Home > Features > Armour Focus ~ FOXHOUND LPPV Pt 2

Armour Focus ~ FOXHOUND LPPV Pt 2

FOXHOUND with the callsign 22B on TRIDENT JUNCTURE 15 - each vehicle has two top cover GPMGs next to the roof hatches [© BM]

The FOXHOUND LPPV, produced in 2012 as an Urgent Operational Requirement for the British Army by Force Protection Europe, is currently in use on Operation TORAL, writes Bob Morrison.

 

Despite its relatively short operational use in Southern Afghanistan, OCELOT/FOXHOUND proved itself to be a competent vehicle with very good off-road manoeuvrability, courtesy of its independent suspension and 4-wheel steering plus good ground clearance.

 

Torsion bar suspension is employed – the bars run along the lower hull on each side of the Drive Module [© BM]

It was therefore little surprise when the MoD announced in January 2014 that, once no longer required for operational service, it was planned to bring the nimble little UOR vehicle into Core Fleet along with the rest of the new generation of wheeled armoured vehicles procured primarily for Op. HERRICK. Technically, UK Forces ceased combat operations in Helmand Province in late October 2014 but that does not mean it is no longer involved in military operations in Afghanistan and as of 1st January 2015 Operation TORAL commenced.

 

I came across RB12AB again at the Brigade Support Group on my last day at Chinchilla before heading on to the next phase at Zaragoza [© BM]

Theoretically just a training mission and part of NATO’s Operation RESOLUTE SUPPORT, British involvement commenced with around 500 deployed personnel on Op TORAL and expanded to around 650, including three RAF helicopters and supporting personnel, but on Wednesday 11th July 2018 coinciding with the NATO Summit in Brussels it was announced in the mainstream media that the UK was sending 440 additional personnel; as neither the UK MoD nor Prime Minister’s Office official news announcement websites have confirmed this, we suspect the original BBC announcement may have been wrong and these 440 troops, primarily from the Welsh Guards, are merely the scheduled roulement battalion.

 

Two massive hinges allow the Mission Module (i.e. crew compartment) to be hinged clear of the Drive Module for maintenance [© BM]

Infantry deployed on Operation TORAL, and particularly those participating on British-led multinational Kabul Security Force (KSF) duties, use FOXHOUND as their primary Light Protected Mobility role vehicle. These days the UK Ministry of Defence media branches are not particularly proactive, concentrating more on generating community interest stories rather than on publicising UK Forces on operational and training deployments, so despite Op TORAL having been running for over three and a half years there are very few recent images available of FOXHOUND in-theatre.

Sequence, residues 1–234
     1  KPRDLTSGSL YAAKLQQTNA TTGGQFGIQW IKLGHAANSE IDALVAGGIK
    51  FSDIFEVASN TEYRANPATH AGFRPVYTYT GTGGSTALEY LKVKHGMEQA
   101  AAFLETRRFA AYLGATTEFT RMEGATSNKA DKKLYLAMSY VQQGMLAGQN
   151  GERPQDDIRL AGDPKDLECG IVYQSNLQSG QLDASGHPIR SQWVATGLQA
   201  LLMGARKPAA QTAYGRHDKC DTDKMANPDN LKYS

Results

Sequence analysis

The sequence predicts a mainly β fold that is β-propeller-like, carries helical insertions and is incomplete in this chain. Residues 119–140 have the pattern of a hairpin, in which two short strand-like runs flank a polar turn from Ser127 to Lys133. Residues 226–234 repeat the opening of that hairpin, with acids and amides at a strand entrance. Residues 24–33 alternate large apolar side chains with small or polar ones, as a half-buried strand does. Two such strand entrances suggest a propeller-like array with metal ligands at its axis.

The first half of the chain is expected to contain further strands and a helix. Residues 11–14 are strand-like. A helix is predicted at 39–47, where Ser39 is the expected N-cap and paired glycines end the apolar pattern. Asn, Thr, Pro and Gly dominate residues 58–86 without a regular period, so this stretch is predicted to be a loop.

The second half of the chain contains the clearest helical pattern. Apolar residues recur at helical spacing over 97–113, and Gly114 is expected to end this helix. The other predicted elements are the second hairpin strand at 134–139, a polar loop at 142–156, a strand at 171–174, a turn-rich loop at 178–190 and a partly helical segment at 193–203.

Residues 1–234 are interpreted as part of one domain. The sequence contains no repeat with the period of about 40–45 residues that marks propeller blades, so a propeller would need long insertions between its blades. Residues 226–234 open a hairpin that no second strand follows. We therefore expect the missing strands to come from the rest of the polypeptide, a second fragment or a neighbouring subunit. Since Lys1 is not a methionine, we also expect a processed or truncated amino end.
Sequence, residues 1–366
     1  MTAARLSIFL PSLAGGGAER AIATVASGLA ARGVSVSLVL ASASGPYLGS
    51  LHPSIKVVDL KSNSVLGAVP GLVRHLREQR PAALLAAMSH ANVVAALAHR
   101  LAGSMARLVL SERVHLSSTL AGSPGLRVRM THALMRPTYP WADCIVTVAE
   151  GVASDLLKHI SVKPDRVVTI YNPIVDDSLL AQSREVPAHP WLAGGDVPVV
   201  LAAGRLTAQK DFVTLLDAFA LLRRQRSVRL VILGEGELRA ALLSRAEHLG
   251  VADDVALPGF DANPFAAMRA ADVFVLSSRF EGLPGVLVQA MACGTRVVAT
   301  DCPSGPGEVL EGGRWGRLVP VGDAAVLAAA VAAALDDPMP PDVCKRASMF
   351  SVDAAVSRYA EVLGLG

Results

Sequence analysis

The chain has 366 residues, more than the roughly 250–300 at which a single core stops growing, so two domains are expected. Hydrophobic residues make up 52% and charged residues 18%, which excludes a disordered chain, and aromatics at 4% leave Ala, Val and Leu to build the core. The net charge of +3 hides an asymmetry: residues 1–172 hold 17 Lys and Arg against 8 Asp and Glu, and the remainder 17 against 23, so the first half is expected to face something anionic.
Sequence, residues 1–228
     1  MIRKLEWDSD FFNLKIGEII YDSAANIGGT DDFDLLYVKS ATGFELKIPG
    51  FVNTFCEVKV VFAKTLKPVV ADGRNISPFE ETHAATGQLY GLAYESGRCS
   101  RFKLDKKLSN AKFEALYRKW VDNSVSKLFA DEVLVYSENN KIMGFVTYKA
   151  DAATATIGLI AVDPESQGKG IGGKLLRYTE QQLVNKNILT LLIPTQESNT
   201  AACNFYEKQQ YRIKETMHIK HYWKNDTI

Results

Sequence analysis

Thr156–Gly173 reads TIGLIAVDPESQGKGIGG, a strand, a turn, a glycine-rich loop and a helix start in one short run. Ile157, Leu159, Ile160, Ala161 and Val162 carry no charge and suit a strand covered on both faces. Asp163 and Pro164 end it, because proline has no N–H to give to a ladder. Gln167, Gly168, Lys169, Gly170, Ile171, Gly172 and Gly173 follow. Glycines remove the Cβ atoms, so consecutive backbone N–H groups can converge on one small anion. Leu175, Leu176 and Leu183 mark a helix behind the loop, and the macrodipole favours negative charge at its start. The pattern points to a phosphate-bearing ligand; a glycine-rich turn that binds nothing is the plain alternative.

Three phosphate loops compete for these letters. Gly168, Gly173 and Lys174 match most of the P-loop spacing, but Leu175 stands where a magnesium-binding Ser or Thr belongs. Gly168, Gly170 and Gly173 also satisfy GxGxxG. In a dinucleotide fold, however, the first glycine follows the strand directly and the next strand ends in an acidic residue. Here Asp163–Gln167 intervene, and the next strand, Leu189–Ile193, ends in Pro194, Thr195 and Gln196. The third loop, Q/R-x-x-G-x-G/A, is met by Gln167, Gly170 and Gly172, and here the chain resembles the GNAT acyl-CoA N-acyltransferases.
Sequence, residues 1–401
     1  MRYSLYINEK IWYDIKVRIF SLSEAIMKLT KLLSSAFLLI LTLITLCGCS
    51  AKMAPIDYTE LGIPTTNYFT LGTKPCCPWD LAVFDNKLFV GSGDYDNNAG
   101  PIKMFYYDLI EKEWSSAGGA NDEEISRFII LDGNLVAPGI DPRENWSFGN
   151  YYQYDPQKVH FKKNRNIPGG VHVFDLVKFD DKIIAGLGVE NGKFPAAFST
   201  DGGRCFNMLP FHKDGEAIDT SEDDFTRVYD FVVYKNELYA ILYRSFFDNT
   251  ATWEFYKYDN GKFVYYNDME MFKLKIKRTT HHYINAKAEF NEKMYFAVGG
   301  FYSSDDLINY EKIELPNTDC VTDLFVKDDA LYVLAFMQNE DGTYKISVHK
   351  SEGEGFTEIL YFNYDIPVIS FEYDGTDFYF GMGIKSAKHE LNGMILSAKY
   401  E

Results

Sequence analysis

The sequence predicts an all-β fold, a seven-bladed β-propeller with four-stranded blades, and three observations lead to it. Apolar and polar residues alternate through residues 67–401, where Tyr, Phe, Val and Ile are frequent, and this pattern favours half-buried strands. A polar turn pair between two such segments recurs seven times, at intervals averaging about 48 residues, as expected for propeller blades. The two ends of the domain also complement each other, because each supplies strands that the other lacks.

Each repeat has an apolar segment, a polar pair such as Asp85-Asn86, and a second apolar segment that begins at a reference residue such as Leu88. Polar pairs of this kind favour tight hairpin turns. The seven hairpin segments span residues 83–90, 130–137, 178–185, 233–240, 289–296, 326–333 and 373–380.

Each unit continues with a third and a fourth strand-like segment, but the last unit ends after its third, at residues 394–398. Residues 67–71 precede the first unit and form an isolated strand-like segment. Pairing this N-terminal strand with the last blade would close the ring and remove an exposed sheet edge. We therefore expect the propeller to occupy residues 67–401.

The single front door (a second exit in addition to roof hatches is desirable) is on the commander’s side of the right hand drive vehicle [© BM]

While covering the massive NATO Exercise TRIDENT JUNCTURE in Spain and Portugal in late 2015 I was able to photograph B Company of 1st Battalion of the Royal Irish Regiment who deployed to Chinchilla in Spain as part of a British-led NATO multinational brigade. At the time 1 R IRISH were operating in the Light Protected Mobility role and their primary mode of transport was FOXHOUND; nine of the accompanying photographs on this page are of their vehicles and to assist our military modeller readers I have deliberately provided five different views of the same [22B] FOXHOUND.

 

Two variants of OCELOT, a two-man cab utility version and an open-topped recce version, have made appearances at DVD and DSEI expos, but no official UK production batch orders have been announced. As and when we get the chance we will try to produce a brief Armour Focus on these.

{ images © Bob Morrison unless noted }

Sister vehicle callsign 22A on the Chinchilla training area – the two pintle-mounted GPMGs (here minus ammo boxes) allow all-round top cover [© BM]

The other side of callsign 22A – even if one wheel station is blown off FOXHOUND should still be mobile [© BM]

In theory a full infantry platoon can be transported in five FOXHOUNDS though four personnel per vehicle gives more room on long patrols [© BM]

FOXHOUND front cab showing commander’s and driver’s stations – image taken shortly after arrival at Camp Bastion in June 2012 [Crown Copyright/OGL: Graeme Main]

FOXHOUND Mission Module rear compartment – image taken shortly after arrival at Camp Bastion in June 2012 [Crown Copyright/OGL: Graeme Main]

This is what the rear of FOXHOUND actually looks like in the middle of a long field deployment – image taken with full permission during TRIDENT JUNCTURE 15 so no OpSec issues [© BM]

 

 

 

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